One of the easiest areas to become stuck in a rut – usually without realising it – is in how you introduce a new piece to a student. The first step you take can frame so much about how your student views their repertoire.
None of the strategies below should become a default for you and your students. Choose carefully and keep mixing it up!
From time-to-time, it’s great to just open up a new piece and ask your student to “go!” This can help develop independence and give you a good opportunity to check in with their progress.
Choose the pieces you do this with carefully, though. You don’t want to be setting a student up for failure when there’s something in the piece they can’t figure out with their current skills or knowledge.
Have you ever had a piece where you could play the beginning beautifully but then it kind of crumbled as you got further along?
Many students fall into the trap of always starting at the beginning. Often it’s much better to start with whichever section is the most challenging for a student and then work outwards from there. This way they will get the most practice and guidance with that tricky spot.
A similar strategy is to start at the end and work backwards. You can begin by working on the last line or phrase, or you can work back bar-by-bar (measure-by-measure) from the end with more challenging pieces.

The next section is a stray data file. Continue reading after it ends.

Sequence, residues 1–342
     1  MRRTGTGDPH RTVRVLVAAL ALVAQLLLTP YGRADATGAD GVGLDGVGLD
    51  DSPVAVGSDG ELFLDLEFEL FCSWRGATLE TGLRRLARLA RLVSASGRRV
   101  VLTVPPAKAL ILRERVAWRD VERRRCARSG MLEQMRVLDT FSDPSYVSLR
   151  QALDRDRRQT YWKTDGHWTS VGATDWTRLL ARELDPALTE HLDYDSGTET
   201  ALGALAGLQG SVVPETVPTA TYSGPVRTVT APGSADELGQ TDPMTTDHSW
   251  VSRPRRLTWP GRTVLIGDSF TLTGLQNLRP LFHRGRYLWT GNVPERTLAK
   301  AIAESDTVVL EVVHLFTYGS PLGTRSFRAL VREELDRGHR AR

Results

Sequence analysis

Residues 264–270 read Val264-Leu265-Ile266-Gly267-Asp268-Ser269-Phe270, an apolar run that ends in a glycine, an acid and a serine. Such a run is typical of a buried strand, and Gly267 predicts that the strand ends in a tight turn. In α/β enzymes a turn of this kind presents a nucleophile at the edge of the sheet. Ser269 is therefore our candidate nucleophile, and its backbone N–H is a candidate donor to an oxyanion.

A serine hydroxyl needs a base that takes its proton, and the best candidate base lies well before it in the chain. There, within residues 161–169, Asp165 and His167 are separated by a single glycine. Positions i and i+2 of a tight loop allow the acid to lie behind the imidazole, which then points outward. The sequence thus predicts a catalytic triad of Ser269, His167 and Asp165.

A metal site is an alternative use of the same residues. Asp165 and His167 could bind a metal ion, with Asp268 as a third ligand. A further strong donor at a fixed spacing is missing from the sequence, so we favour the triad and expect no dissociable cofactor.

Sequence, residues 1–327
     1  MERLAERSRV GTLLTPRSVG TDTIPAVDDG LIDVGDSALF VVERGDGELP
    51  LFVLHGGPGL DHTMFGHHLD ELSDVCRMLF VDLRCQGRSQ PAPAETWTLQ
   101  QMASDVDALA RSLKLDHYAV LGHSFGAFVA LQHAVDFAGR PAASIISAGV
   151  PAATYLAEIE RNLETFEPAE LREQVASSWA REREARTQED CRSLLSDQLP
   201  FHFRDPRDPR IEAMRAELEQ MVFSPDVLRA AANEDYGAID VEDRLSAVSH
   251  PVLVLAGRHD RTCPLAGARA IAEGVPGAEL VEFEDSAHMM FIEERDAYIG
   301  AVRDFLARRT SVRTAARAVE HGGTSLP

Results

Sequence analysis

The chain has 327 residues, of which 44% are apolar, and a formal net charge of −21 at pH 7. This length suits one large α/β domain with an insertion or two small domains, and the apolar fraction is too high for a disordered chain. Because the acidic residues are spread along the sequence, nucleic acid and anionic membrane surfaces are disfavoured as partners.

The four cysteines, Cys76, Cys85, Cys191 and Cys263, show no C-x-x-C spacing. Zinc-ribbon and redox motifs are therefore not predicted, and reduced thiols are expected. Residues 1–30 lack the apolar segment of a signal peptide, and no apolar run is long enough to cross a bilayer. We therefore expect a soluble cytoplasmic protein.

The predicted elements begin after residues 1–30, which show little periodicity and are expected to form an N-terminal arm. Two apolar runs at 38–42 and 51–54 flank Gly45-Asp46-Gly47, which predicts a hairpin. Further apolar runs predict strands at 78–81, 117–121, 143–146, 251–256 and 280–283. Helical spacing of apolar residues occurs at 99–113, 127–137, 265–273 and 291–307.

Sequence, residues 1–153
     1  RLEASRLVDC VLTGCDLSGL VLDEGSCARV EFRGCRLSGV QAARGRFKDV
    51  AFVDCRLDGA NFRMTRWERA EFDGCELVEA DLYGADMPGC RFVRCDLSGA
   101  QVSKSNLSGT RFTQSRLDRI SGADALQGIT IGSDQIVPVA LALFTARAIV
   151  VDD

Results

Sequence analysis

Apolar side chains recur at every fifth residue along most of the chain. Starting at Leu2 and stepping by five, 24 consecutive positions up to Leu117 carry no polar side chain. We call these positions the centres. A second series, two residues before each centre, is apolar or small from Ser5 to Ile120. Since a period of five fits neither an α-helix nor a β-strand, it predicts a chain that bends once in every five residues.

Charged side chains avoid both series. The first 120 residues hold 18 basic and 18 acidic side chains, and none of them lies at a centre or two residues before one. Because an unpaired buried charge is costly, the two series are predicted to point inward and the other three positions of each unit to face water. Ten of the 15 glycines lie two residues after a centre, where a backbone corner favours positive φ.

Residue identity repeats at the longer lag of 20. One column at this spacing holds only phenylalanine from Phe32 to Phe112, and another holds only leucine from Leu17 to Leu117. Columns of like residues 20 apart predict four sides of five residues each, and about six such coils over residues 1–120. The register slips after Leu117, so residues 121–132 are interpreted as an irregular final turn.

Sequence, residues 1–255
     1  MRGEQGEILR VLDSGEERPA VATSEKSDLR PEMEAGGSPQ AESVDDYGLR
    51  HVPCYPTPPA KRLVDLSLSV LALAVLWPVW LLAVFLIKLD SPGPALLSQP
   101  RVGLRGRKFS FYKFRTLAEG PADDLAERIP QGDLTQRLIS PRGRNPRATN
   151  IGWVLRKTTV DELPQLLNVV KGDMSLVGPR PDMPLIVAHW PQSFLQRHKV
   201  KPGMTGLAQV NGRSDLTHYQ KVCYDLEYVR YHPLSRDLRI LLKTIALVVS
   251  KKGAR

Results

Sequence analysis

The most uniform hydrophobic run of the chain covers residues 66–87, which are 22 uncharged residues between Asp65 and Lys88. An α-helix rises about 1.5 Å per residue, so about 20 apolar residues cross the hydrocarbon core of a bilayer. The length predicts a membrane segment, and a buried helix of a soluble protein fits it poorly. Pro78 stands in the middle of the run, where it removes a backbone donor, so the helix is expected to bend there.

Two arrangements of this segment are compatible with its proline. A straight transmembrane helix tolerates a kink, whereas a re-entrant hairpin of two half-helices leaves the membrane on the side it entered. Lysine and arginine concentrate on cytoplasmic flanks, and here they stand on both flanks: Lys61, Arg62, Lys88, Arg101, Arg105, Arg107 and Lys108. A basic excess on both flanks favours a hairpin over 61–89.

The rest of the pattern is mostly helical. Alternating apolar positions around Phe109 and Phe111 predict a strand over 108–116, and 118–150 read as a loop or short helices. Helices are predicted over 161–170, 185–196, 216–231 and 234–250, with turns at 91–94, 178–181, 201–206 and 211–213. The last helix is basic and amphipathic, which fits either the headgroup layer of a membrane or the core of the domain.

This technique is a great antidote to students who have a case of Start Again Syndrome in their practice at home.
This is many teachers’ default mode, but I like to reserve it for when it’s really needed. I only have students try whole pieces hands separately first when there is a particular coordination challenge. I rarely have them practice this way for a full week, either. I prefer to get them playing hands together within that first lesson, even if it means working on a smaller section of the piece.
This is not to say that hands separate practice is not useful as a way to work through challenges. Just that I believe students’ reading skills develop faster when they do not default to this for new pieces.
Some teachers play every piece for their student before they start it. Others refuse to demonstrate pieces because they’re afraid their students will learn by ear and memory rather than reading.
As with all the strategies on this list, I believe “sometimes” is the best answer.
Hearing a piece before they learn it can inspire and motivate students. Hearing all their pieces before reading them can cause certain students to become overly reliant on their ear and learn by accidental rote.
If you are demonstrating a new piece for your student, make sure to give them something to listen for or watch for. Be specific about what you will ask them about when you’re finished as it will be difficult for them to listen to every detail. If you don’t give them a listening task, they may just choose to zone out instead!